| Adnan Jahaya |
KUALA LUMPUR (Bernama) – While flood victims had to bear with the mud left behind by the receding flood waters, Universiti Malaysia Perlis (UniMAP) not only wants to identify the origins of the mud but also its economic potential.
UniMAP’s Vice Chancellor Prof Datuk Dr Kamarudin Hussin noted that being an engineering and research based university, UniMAP wants to study how the mud could be turned into something beneficial.
Before this, the university had helped the Sidoarjo district in Indonesia to address the woes caused by the mudflow from underground known as ‘ Lusi”.
The hot flowing mud suddenly appeared on the surface on May 29, 2006, causing extensive damage to properties in the district and the mud flows out of the earth’s crust till today.
The sludge submerged villages, factory buildings, houses, public amenities and even farmlands causing tremendous economic loss in East Jawa.
UniMAP has made use of its expertise in the geopolimer technology to study on the Lusi’s economic potential with an Indonesian university, Petra Christian University (PCU), after conducting preliminary studies in 2011.
Through the cooperation with PCU’s civil engineering department, UniMAP developed construction material from dried ‘Lusi’ using geopolymer technology.
The research outcome indicated that the mud could be used to make bricks, artificial aggregates and other light construction material with all the material showing similar characteristics like seen in the existing construction material.
Like Lusi, the sludge’s potential would be studied by UniMAP’s Geopolymer and Green Technology Centre (CEGeoTech).
The university in fact has started preliminary studies at the CEGeoTech using the mud samples taken from flood locations.
Kamarudin who is also a geopolymer researcher noted that initial findings indicate the mud is made up of fine dirt particles that has the potential to be developed.
The mud can be used to make bricks, geopolymer concrete, artificial aggregate and even ceramic compound.
According to Kamarudin, the construction material made using the geopolymer method were more environment friendly as they did not require high heat to make them.
Instead, he said, the main components in the mud like silica and aluminum could be activated using ‘sodium silicate’ to manufacture the construction material.
Meanwhile, UniMAP deployed about 2,000 of its own volunteers made up of undergraduates and staff to help clean up the areas affected by floods in Kelantan.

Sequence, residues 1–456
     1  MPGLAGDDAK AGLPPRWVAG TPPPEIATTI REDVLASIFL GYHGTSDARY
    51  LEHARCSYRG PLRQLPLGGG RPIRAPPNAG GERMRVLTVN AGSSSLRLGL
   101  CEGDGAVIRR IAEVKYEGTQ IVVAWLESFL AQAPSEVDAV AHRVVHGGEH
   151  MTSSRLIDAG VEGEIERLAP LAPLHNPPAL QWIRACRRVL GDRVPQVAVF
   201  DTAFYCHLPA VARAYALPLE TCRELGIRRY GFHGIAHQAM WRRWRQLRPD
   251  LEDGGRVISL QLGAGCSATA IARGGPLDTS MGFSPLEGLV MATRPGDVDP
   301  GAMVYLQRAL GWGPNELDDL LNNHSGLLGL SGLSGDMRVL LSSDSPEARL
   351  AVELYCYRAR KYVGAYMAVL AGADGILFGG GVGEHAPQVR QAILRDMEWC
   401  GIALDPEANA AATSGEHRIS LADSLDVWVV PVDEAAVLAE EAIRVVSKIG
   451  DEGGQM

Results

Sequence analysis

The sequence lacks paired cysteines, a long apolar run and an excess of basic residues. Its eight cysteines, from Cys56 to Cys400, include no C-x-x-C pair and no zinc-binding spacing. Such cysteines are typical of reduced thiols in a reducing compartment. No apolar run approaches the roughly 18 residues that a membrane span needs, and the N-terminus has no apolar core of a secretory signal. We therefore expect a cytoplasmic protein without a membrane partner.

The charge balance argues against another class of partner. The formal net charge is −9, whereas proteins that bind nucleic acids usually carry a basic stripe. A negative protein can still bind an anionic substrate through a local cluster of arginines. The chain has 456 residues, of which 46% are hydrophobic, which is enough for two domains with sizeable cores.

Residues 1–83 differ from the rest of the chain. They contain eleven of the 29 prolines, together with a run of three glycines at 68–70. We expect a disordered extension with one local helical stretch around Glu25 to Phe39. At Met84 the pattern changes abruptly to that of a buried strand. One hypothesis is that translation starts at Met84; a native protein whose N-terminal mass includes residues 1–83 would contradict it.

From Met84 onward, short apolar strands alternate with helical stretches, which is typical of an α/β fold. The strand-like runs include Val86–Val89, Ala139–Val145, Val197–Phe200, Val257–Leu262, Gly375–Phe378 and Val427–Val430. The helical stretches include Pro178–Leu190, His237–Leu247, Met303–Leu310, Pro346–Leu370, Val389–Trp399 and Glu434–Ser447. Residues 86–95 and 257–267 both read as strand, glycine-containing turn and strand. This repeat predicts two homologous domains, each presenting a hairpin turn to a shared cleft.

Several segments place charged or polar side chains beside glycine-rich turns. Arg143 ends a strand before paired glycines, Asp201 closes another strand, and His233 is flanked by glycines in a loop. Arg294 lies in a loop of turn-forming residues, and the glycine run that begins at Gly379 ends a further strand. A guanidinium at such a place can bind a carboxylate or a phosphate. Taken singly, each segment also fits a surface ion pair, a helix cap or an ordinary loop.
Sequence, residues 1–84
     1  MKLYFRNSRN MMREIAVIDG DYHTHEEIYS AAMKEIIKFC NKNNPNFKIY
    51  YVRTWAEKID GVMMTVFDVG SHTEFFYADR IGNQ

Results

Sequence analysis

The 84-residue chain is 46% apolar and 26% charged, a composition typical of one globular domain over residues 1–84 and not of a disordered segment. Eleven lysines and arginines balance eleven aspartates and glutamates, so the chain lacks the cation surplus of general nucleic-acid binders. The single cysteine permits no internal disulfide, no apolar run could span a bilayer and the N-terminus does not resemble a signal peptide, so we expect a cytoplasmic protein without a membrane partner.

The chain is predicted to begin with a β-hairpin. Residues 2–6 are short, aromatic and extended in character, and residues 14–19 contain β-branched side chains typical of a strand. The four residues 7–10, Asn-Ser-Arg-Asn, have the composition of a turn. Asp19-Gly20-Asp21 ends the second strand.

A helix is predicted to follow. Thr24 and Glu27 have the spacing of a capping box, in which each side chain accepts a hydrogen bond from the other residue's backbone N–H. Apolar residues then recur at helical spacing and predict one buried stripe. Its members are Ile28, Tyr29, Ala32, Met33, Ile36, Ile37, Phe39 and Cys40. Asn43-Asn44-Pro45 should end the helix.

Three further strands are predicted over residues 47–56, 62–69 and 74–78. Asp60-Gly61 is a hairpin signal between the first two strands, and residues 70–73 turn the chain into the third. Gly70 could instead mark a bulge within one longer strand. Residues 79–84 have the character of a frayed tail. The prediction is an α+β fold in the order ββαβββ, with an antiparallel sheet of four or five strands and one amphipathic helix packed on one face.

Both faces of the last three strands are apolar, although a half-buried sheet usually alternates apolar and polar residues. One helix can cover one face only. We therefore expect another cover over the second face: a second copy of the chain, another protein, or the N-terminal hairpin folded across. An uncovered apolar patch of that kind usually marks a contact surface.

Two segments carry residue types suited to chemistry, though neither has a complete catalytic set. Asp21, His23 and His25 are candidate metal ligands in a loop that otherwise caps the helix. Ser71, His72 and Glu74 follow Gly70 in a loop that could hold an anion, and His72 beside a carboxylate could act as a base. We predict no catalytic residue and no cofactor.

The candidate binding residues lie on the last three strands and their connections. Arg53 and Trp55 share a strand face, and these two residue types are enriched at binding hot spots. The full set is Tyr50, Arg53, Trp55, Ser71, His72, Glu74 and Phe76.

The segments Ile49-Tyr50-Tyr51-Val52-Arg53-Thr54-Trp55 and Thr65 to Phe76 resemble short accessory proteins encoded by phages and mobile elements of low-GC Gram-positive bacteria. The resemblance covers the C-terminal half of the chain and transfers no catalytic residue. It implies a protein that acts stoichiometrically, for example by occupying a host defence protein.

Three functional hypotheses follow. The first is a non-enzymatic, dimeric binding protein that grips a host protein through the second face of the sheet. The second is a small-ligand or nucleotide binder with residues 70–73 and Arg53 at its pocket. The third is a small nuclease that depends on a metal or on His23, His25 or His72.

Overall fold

“The mud covering extensive areas affected by floods has polluted the ecosystem and blighted the view of the landscape,” he said to Bernama.
The group was part of the 17,000 volunteers from higher education institutions from all over the nation who waded through the mud to help clean up settlements.
UniMAP also helped by providing medical and counseling services to help alleviate the trauma that the flood victims faced.
Apart from studying the mud, UniMAP also deployed the Unmanned Aerial Vehicle (UAV) to get a bird’s eye view of the effects of the flood in Tumpat, Kelantan.
Kamarudin noted that UniMAP would also look into developing technologies based on the UAV and sensors in helping to detect floods early.
“This is the best opportunity for us to test and use the existing technology at UniMAP to assist the nation and community in addressing the flood woes,” he said.
UniMAP through the Center of Excellence for Unmanned Aircraft Systems (COEUAS) will also utilise the Digital Elevation Model (DEM) technology to ascertain the terrain in the areas vulnerable to flooding.
“Based on the available data, we will be able to know where the water is flowing from and contributing to devastating floods,” he said.
The study, will be carried out in conjunction with several leading companies like the EMT German, Drei Sohne Technologies (Deutchland) Sdn Bhd (DST) and Aerial Imaging Sdn Bhd.
Apart from that, Kamarudin hoped that the researchers would develop a technology that would enable flood victims save their belongings by placing them on floating jackets or waterproof packaging.
Through these techniques, important items could be salvaged.
During the recent flood episode from the end of 2014 to early 2015 the flood victims had to bear with heavy losses. Many not only lost their belongings but also their homes that were washed away by flood waters. Many of their belongings were damaged by the mud as well.
Housewife Siti Khadijah Mohd Nor, 48 from Kuala Krai, Kelantan is among the many whose house was washed away.
All that was left after the water receded was mud where once her house stood.